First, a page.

Skip to comments.MSU professors link hunting with sexual violence
Posted on 11/13/2005 3:44:04 PM PST by SJackson
Three female Michigan State University professors studied the magazine "Traditional Bowhunter," and concluded that hunting is a form of sexual violence with animals substituted for women. They describe hunting as, "erotic heterosexual predation, sadomasochism, restraint for aggressive sexual energy, and allied with the abuse of women." I think I need to take up bowhunting.
The article entitled, "Animals, Women and Weapons: Blurred Sexual Boundaries in the Discourse of Sport Hunting" was published by the Society & Animals Forum. The genesis of the article was the 2003 video "Hunting for Bambi," which reached national attention that year when many news-outlets reported a group in Nevada was selling "hunts" which men paid thousands of dollars to shoot naked women with paintball guns. The producers of the DVD later admitted the hunters and women involved were actors. Like in high-budget porn, the star is only an "actor" and really cannot fix the cable.
Concluding that men turn bows and firearms into phallic symbols, the researchers point to terms and jargon found in the magazine in order to reaffirm their belief of displaced sexual drive. "Climax," "big'uns," and "homely cow" are but a few of the many terms with which they took issue. Two things, first, using terms out of context allows anyone to make them sexual. Second, we are talking about hunting, not sex.
The study fails to see the subject matter as merely hunting. The outrageous links between sexual violence and hunting would cause sensible readers to scoff, but remember, the authors are members of MSU faculty, which makes this paper all the more scary.
Apparently, the woman-is-an-animal argument is only valid until the kill. "When alive and being chased in a sport of hunting, animals are given human characteristics...but when dead and displayed as a trophy, anthropomorphism is no longer necessary...and the animal is simply dead." Why anthropomorphism would be necessary in the first place is not explored. Furthermore, why is it not necessary in the second place?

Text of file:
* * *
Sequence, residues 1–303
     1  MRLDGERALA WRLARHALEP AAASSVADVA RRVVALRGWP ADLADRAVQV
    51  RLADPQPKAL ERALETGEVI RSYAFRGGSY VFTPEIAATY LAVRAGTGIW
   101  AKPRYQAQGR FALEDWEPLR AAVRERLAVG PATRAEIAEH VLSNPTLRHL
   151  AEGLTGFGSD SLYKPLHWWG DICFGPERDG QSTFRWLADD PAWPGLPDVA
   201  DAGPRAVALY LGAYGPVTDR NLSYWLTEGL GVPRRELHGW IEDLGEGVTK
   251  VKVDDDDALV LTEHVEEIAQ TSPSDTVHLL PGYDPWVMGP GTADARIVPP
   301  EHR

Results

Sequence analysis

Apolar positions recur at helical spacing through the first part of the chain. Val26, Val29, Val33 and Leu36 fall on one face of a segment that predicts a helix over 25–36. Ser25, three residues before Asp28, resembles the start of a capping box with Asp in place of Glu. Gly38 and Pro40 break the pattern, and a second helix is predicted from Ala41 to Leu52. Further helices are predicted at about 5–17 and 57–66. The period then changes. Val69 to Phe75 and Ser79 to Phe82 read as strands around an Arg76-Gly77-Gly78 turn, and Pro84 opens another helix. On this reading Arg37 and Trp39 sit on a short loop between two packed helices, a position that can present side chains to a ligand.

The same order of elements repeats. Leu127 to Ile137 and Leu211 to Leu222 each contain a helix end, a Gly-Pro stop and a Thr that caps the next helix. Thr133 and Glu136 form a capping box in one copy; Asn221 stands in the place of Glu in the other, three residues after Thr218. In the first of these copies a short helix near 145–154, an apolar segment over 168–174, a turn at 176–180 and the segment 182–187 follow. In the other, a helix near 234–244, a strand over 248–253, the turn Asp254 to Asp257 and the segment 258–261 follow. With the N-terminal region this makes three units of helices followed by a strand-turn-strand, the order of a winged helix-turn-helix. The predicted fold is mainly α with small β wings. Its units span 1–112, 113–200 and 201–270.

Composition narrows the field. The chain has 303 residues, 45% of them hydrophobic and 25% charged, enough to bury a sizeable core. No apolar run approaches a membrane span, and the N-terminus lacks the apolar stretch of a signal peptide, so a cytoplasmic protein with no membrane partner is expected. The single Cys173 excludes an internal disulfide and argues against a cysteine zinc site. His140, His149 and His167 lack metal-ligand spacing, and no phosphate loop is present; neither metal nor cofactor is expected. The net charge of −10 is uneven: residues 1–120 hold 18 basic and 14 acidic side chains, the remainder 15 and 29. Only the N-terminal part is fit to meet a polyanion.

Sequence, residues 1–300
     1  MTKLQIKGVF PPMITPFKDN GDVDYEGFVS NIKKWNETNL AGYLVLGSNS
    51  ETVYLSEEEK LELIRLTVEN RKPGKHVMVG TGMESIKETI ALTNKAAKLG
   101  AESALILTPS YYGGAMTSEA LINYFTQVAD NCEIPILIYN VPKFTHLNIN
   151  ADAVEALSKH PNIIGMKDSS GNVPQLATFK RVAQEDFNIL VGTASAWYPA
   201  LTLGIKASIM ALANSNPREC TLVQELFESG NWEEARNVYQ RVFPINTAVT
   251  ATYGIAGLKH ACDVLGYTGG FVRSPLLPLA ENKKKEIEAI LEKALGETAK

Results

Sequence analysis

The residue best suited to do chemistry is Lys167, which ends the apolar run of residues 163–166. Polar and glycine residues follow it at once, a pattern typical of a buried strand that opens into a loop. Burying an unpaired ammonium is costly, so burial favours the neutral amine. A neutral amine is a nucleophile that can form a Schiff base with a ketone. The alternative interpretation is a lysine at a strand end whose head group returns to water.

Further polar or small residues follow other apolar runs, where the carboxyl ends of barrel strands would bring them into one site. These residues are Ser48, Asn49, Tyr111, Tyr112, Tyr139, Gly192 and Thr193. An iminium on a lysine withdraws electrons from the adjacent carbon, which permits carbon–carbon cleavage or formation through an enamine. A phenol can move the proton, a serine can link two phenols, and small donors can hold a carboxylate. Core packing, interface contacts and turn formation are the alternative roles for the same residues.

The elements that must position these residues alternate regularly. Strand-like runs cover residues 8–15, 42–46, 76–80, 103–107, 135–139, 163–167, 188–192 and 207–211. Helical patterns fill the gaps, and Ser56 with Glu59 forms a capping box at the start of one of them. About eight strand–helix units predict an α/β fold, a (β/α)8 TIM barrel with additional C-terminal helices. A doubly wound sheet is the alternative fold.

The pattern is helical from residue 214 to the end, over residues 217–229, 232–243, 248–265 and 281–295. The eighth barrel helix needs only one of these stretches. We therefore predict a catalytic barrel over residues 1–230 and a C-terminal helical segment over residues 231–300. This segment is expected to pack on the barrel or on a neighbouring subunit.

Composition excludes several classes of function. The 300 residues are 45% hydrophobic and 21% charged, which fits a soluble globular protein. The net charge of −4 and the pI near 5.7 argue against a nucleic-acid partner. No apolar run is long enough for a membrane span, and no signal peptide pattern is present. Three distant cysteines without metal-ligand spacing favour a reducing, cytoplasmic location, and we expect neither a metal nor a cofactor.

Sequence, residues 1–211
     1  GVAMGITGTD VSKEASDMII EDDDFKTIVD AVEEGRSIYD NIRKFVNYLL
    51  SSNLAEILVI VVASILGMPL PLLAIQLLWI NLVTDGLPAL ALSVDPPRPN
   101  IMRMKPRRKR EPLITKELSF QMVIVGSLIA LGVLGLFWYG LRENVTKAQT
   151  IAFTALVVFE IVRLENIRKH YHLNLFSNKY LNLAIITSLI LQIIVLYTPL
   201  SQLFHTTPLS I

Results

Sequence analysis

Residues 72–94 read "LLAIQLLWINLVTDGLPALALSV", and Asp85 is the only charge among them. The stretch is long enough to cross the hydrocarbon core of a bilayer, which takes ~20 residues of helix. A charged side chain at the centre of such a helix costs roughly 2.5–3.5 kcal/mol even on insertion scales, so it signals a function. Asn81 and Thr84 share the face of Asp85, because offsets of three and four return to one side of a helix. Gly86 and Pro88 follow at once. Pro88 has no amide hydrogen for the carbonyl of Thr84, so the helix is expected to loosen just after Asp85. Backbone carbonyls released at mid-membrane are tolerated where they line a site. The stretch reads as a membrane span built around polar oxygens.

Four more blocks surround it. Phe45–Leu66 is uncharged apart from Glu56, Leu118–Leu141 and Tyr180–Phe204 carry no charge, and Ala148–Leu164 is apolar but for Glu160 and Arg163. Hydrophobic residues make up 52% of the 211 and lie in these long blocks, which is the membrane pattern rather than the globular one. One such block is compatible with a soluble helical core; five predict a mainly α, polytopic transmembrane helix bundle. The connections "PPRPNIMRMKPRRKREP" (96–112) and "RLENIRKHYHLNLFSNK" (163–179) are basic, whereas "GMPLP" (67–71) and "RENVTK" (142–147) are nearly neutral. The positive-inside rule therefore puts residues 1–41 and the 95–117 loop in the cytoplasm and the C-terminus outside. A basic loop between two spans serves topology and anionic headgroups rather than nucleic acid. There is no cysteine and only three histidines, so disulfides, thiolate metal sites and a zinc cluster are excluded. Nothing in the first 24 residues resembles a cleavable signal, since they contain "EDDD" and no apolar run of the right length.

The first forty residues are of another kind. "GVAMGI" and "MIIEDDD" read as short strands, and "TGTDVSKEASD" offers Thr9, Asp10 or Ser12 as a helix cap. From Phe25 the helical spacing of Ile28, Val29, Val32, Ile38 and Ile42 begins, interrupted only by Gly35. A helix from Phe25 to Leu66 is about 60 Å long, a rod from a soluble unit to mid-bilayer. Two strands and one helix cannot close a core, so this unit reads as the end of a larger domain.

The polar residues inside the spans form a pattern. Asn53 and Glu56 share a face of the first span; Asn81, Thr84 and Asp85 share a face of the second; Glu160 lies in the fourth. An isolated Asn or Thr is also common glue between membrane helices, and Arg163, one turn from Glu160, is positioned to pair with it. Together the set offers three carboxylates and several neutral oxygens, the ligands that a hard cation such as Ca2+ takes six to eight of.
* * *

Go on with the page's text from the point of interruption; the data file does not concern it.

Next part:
Indeed, their argument is that men are violent creeps who beat up on poor, cuddly animals because there are no women running around the woods. "Violence against animals and women is linked by a theory of 'overlapping but absent referents' that institutionalizes patriarchal values...animals often are the absent referents in actions and phrases that actually are about women-and women often are the absent referents for animals." Therefore, when men are hunting they do so because there are no women present, conversely, when men are with women they are doing so because there are no animals present.
Absent from this study is where the millions of female hunters fit For that is the only logical conclusion of the animal-is-a-woman and woman-is-an-animal thesis. Not far removed from their illation would be to say women obtain sexual gratification from hunting but actually wish they were sexually abusing women, or maybe themselves.
What would an academic study be these days without a conclusion that points to racism? The study encapsulated that hunting is "cultural messages that validate and exacerbate white male dominance and power." The argument of racial oppression and hunting goes out the window because one can only shoot one Black Duck a day as apposed to five of another species.
When read in its entirety, the syllogistic argument takes on the seriousness of a Mad TV skit.
Maybe it is "Traditional Bowhunter" that is laying the groundwork for world takeover. Once again, the paper's authors come through and leave the reader not disappointed. They warn that, "[T]he underlying messages of the sexualizing of women, animals, and weapons in Traditional Bowhunter cannot be dismissed simply as a hoax. They are resilient popular culture images that celebrate and glorify weapons, killing, and violence, laying the groundwork for the perpetuation of attitudes of domination, power, and control